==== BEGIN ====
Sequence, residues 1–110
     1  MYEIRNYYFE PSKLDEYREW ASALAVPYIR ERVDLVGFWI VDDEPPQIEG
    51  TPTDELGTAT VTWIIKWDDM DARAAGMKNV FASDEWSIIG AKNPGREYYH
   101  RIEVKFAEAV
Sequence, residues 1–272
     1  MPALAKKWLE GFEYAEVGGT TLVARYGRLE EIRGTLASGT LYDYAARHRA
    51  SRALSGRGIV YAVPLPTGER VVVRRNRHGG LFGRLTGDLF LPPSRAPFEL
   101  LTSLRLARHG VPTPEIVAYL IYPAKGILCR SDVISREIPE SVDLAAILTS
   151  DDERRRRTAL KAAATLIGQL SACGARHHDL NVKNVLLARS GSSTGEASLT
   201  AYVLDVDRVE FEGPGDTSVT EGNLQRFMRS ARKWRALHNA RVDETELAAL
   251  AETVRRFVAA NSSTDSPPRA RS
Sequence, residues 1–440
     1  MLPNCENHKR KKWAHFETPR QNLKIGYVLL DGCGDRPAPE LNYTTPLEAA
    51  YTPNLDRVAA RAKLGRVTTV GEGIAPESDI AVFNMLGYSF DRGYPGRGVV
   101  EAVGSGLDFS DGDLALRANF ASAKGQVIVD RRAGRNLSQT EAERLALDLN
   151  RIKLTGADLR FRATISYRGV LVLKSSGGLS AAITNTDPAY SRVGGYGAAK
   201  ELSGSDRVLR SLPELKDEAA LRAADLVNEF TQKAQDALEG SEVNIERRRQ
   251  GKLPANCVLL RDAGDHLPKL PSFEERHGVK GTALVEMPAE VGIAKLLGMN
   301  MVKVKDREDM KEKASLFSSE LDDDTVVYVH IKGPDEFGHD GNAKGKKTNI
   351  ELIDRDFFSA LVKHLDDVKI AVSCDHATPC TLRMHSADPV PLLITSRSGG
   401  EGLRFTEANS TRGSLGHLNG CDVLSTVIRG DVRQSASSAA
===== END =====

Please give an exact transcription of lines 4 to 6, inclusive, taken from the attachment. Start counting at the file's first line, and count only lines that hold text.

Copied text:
   101  RIEVKFAEAV
Sequence, residues 1–272
     1  MPALAKKWLE GFEYAEVGGT TLVARYGRLE EIRGTLASGT LYDYAARHRA